As Blade: The Series showed when it recast Snipes with Sticky Fingaz for the TV series, Snipes is not the only person that can play the role of Blade. Sure, I will fully admit that Mr. Fingaz took a little while to get settled into the role, so the earliest episodes are a tad rough. But the series picks up, and Fingaz really gets into being Blade by the end of the season (which was also the end of the series). He did his job well, being a bad-ass on the small screen. If someone other than Snipes can do the role, and do it without being a prima donna, why take the risk on Snipes again?

Also, and to be slightly indelicate, Snipes is now 20 years older than he was when he first donned the jacket and Ray-Bans of the vampire hunter. Blade may not be immortal (being only a half-vampire), but it's arguable about if he would age at a normal rate (if at all). Snipes is getting up there and no longer looks like a young man, so should he be playing a potentially-immortal character now? Wouldn't that be weird?

Secondly (after I went on for some time on my first point), why tie the MCU into the old Blade continuity. Beyond screwing up the navigation I have at the bottom of this page, forcing me to renumber all the MCU titles, there are implications for the continuity of the movies if they bring in the three old Blade flicks (and the TV spin-off).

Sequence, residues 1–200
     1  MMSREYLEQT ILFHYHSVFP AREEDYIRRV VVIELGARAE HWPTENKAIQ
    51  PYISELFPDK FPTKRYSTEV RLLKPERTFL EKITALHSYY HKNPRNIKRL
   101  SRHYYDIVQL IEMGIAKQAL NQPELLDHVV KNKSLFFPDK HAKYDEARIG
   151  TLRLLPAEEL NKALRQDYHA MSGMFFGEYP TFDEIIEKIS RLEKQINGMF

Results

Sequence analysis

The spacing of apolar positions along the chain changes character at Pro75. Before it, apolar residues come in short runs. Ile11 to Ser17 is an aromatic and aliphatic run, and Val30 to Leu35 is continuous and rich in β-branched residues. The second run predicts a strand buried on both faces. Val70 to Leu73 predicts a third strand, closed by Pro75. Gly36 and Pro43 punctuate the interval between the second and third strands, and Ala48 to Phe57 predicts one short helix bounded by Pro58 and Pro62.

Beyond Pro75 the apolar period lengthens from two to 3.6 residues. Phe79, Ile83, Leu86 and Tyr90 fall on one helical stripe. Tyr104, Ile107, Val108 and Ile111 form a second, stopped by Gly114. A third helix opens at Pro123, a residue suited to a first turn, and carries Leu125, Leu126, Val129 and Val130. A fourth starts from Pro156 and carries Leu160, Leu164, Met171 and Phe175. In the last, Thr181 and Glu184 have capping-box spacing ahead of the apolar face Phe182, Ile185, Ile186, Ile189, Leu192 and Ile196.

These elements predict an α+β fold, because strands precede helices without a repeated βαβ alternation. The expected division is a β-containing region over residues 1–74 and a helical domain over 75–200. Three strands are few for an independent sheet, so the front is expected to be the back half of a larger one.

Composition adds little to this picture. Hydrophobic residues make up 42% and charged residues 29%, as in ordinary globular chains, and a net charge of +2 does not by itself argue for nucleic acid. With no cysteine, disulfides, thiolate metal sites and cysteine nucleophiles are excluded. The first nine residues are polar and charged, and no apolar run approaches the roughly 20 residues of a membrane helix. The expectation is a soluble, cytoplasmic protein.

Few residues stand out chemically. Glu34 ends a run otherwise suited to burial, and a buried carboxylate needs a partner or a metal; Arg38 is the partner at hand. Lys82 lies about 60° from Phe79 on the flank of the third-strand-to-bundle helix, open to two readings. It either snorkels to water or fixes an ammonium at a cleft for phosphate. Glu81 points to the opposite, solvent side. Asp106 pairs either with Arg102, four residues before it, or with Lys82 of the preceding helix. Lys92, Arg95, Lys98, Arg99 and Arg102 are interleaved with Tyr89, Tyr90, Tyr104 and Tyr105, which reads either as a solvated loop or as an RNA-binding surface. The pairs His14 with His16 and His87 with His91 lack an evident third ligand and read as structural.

Sure, as movies in the MCU have shown, there have been superheroic people around long before the first MCU flick, 2008's Iron Man, but never once has the kind of mystical BS of vampires been addressed. Dark Elves and Sorcerers, sure, but vampires aren't the kind of thing we've seen yet. Implying they've been around, in the background, is one thing, but then to take all the events of the Blade films, like the great plague he unleashed at the end of Trinity, and then tying them into the MCU and being all "lol, no one noticed this" seems like a bridge too far. Why shoe-horn in those films when you can just fresh-start them, downplay the vampires as cool, mysterious agents with their own super-secret society, and then slowly ramp up the action from there without all the needed continuity?

But then, if the plan isn't to import in the old Blade films to the modern MCU, why bring back Wesley Snipes at all? If you use the actor, you want the old continuity. The two just go together.

Now, it's entirely possible Wesley Snipes was just talking out of his ass. Maybe he got a meeting with Marvel Studios, they said one thing, he heard another, and then he spouted off about it because he was excited for a project (or projects) that weren't really there. Or it could be that one of the two projects is a continuation of the old Blade continuity with Snipes in some role (like maybe an animated series with him as the lead voice actor) while the other is an MCU reboot that doesn't use Snipes (at least, not in the main role as Blade, although I wouldn't rule out a wink-nod cameo in that case). And if that's the case, I say, "great!" Those are projects I'm 100% on board with.

Just, Marvel: please do not try and shove the old Blade movies into the MCU. It's not needed and you're better off giving Blade a proper fresh start. He deserves it, and we deserve more Blade.